# Ants moving on a grid

I got asked this as a programming interview question so the "correct" solution is via simulation, but I'm curious about the existence of an analytic solution.

Two ants start in opposing corners of an 8x8 grid and after each turn, pick a valid direction (N, S, E, W) to move uniformly randomly until they arrive on the same square. What is the expected number of moves?

It seems similar to a number of problems and looks simple enough that I feel there could be an analytic solution, but any approach that I come up with ends up having some flaw that I can't account for.

• Did you get any answer by simulation? – gar Oct 9 '15 at 17:51
• Yes, the solution via simulation is trivial, but not what I'm interested in. – kevmo314 Oct 10 '15 at 16:32
• Okay, wanted to verify my simulation first before going with the analytic one. I am getting about 200 turns, is it what you get too? – gar Oct 10 '15 at 17:09
• Ah, I got ~82 turns. I verified this was correct with someone else who wrote the simulation as well. I don't want to share my code since this is an interview question, but someone posted theirs on a similar question here: gist.github.com/dhalik/51a5c0dc621a43d3bb94 – kevmo314 Oct 10 '15 at 19:13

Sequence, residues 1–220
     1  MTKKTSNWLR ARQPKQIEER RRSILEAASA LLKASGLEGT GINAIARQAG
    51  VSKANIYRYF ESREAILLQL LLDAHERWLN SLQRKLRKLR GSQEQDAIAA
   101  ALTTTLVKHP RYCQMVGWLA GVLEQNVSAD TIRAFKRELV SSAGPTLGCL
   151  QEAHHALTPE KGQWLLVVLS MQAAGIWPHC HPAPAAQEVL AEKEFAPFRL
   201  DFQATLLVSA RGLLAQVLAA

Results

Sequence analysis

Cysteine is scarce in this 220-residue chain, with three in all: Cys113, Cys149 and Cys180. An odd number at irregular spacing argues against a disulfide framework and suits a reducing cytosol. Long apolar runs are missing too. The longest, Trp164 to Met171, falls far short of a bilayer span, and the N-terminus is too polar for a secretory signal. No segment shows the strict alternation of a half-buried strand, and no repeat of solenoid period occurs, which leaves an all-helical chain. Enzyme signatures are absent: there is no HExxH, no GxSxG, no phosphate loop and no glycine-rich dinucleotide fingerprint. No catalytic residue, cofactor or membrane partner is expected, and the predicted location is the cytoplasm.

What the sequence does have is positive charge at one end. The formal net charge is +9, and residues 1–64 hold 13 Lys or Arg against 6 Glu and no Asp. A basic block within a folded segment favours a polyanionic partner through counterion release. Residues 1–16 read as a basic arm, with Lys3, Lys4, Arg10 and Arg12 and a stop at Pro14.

• Hmm, then it's mistake with my code. Result of that code is close to my analytical answer for a 3x3 board ($\frac{234}{37} \approx 6.324$) – gar Oct 11 '15 at 3:02

## 1 Answer

In principle you can do this using a (rather large) Markov chain. You have $64^2$ states of the form $(i,j,k,l)$ indicating that the ants are at $(i,j)$ and $(k,l)$. If $A$ is the transition matrix then I think you'll need to look at $\frac{d}{dt}(I-tA)^{-1}$ at $t=0$. But $A$ is a $4096\times4096$ (sparse) matrix, so this is a challenge. It would make a great programming problem! 😀

• It should have a simpler solution.. On the second thought, not very likely. – zhoraster Oct 8 '15 at 15:47
• @zhoraster actually I think it does. The ways for ants to meet at time $t$ correspond to paths of length $2t$ from the lower left corner to the upper right. So you only need to consider $64$ states! I'll update when I get time. – Tad Oct 8 '15 at 19:23
• But don't forget that these are very special paths, with certain self-avoidance. – zhoraster Oct 8 '15 at 19:25
• @Tad how would you invert that matrix in a reasonable amount of time? An O(n^3) algorithm would be rather slow. I could see maybe doing it via Cholesky factorization though? – kevmo314 Oct 10 '15 at 16:43